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  9. #9
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    ok thanks guys

    for the answer, do I write:

    $\displaystyle \delta = \frac{\epsilon}{10}$ if $\displaystyle \frac{1}{|x-1|} < 2$?

    or if not, what do I put after if?
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    Quote Originally Posted by coldfire View Post
    ok thanks guys

    for the answer, do I write:

    $\displaystyle \delta = \frac{\epsilon}{10}$ if $\displaystyle \frac{1}{|x-1|} < 2$?

    or if not, what do I put after if?
    no. remember, you are trying to prove that 7 is thew limit. restate the definition of what the limit is and say something along the lines of, "choose $\displaystyle \delta = \frac {\epsilon}{10}$, then blah bla blah is less than $\displaystyle \epsilon$, as desired"
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  11. #11
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    Actually it's $\displaystyle \delta = \text{min} \left( \frac{1}{2}, \frac{\epsilon}{10}\right)$ because you have 2 inequalities to be satisfied: $\displaystyle |x - 2| < \frac{1}{2}$ and $\displaystyle |x-2| < \frac{\epsilon}{2}$.

    The lower of the two will satisfy both, hence our choice of $\displaystyle \delta$
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    is up to his old tricks again! Jhevon's Avatar
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    Quote Originally Posted by o_O View Post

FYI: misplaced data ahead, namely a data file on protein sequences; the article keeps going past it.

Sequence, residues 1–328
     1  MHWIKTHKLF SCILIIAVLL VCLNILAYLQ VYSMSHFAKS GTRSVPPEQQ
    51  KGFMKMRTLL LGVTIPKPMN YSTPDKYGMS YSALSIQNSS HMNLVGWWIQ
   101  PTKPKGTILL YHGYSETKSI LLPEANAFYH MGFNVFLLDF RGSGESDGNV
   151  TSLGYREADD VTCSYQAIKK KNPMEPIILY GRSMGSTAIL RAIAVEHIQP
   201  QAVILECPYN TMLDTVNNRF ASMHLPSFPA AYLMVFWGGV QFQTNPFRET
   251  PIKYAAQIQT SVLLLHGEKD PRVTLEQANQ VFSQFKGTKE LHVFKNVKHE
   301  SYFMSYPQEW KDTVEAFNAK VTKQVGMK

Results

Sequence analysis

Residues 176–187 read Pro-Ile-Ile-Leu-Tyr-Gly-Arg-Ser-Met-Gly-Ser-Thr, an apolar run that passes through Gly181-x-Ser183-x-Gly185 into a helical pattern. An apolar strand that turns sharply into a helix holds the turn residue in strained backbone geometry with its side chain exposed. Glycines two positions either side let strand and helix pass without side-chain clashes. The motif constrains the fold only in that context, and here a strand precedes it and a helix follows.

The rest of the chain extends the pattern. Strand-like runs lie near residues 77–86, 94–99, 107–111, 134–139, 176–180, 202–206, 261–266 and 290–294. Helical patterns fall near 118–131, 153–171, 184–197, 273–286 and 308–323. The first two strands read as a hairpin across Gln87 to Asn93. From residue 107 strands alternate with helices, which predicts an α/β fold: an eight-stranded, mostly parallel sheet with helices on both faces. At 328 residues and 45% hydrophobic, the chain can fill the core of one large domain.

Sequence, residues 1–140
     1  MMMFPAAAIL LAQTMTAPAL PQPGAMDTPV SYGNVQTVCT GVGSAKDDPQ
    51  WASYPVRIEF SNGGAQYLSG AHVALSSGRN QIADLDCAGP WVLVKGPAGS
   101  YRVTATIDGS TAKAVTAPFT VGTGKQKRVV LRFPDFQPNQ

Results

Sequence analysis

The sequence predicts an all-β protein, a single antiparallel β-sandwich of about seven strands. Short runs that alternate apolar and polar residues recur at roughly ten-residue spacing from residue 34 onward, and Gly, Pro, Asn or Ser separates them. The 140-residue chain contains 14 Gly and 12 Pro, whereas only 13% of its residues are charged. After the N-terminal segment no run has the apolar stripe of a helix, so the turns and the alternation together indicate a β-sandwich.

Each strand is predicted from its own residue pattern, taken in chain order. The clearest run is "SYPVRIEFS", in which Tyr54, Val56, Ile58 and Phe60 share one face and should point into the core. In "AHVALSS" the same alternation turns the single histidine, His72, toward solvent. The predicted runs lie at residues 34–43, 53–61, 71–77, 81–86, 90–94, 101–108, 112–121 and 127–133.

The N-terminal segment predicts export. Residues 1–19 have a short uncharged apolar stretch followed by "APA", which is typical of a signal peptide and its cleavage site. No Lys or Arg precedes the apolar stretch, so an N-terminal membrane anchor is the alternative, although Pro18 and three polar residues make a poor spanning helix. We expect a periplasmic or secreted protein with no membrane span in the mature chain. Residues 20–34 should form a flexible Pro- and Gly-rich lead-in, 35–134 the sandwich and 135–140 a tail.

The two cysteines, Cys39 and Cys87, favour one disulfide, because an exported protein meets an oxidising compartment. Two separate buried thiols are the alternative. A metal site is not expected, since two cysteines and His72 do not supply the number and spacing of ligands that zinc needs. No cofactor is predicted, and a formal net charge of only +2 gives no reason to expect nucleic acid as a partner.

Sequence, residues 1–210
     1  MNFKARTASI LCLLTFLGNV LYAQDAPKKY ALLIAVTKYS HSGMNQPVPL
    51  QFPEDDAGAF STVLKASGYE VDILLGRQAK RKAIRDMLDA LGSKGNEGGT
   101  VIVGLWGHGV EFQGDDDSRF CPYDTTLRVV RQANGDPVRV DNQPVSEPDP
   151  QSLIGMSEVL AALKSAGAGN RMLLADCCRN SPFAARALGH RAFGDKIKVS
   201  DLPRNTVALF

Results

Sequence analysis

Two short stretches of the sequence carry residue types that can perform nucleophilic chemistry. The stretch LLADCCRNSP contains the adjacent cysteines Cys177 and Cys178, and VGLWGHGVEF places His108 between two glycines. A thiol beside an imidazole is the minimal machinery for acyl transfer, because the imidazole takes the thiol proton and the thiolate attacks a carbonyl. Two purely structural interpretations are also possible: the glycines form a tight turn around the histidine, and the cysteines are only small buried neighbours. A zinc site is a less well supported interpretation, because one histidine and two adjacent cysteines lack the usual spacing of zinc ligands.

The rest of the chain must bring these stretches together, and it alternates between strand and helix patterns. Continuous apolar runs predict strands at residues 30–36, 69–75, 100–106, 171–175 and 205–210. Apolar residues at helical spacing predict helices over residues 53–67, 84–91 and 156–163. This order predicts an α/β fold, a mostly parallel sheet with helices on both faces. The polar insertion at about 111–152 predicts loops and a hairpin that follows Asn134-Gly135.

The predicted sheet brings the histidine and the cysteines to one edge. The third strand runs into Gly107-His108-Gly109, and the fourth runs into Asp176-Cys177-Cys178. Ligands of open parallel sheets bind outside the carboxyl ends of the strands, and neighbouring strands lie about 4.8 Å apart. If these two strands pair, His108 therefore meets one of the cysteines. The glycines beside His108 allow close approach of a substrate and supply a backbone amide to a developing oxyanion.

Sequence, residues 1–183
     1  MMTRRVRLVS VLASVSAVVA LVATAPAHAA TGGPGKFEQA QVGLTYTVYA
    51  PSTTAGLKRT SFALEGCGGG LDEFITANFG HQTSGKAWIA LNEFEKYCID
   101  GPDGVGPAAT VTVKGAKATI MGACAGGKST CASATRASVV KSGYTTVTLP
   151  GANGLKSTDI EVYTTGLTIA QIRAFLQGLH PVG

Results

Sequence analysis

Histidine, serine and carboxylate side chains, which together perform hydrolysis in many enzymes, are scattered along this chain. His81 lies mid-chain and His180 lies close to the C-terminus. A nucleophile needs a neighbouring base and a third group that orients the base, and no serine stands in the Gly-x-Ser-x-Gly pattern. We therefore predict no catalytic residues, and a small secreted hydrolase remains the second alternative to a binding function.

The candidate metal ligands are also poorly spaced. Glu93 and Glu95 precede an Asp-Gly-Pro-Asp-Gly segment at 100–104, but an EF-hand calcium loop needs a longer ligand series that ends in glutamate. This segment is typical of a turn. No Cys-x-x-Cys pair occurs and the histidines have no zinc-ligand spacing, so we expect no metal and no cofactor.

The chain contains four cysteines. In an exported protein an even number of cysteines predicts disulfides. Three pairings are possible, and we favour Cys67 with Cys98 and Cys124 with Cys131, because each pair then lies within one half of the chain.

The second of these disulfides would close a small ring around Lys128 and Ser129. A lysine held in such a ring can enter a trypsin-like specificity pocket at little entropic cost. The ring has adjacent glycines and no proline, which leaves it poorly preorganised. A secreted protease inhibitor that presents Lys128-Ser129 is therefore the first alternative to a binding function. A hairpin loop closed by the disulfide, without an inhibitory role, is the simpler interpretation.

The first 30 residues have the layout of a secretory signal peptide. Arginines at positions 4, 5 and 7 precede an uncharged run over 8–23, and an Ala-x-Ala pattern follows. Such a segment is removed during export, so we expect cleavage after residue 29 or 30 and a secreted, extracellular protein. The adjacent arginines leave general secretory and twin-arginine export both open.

Actually it's $\displaystyle \delta = \text{min} \left( \frac{1}{2}, \frac{\epsilon}{10}\right)$ because you have 2 inequalities to be satisfied: $\displaystyle |x - 2| < \frac{1}{2}$ and $\displaystyle |x-2| < \frac{\epsilon}{2}$.

    The lower of the two will satisfy both, hence our choice of $\displaystyle \delta$
    yep, i forgot that. we were concentrating so hard on solving that inequality
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  13. #13
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    Quote Originally Posted by o_O View Post
    $\displaystyle \lim_{x \to 2} \frac{2x + 3}{x-1} = 7$

    (Normally we use $\displaystyle \delta \leq 1$ but we run into a bit of a problem so we choose a different value).
    Sorry to bump this problem but o_O, could you explain why you chose 1/2 instead of 1, I used 1 and I thought I had achieved the same result. I read your explanation but in which cases should I consider a value other than 1? I'm having a hard time trying to grasp this
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  14. #14
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    The thing is you don't have to work with $\displaystyle \delta \leq 1$. Generally, this will work but sometimes it just messes up the algebra so just pick another small value for $\displaystyle \delta$.

    If we used $\displaystyle \delta \leq 1$, we would have: $\displaystyle |x - 2| < \delta = 1 \ \Rightarrow \ -1 \ < \ x-2 \ < \ 1$

    Adding +1 to both sides we get: $\displaystyle 0 \ < \ |x - 1| \ < \ 2$

    Now the point of doing all this is to get: $\displaystyle \frac{1}{|x-1|} < a$ where $\displaystyle a$ is some constant.

    As we can see, if we tried to take the reciprical of all three sides (and thereby switching the inequality around), we would have:
    $\displaystyle \frac{1}{2} < \frac{1}{|x-1|} < "\frac{1}{0}"$

    which means we don't have an upper bound for $\displaystyle \frac{1}{|x-1|}$.

    So I picked another value for $\displaystyle \delta$ that won't cause this problem.
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    Thumbs up

    Thank you for your explanation o_0!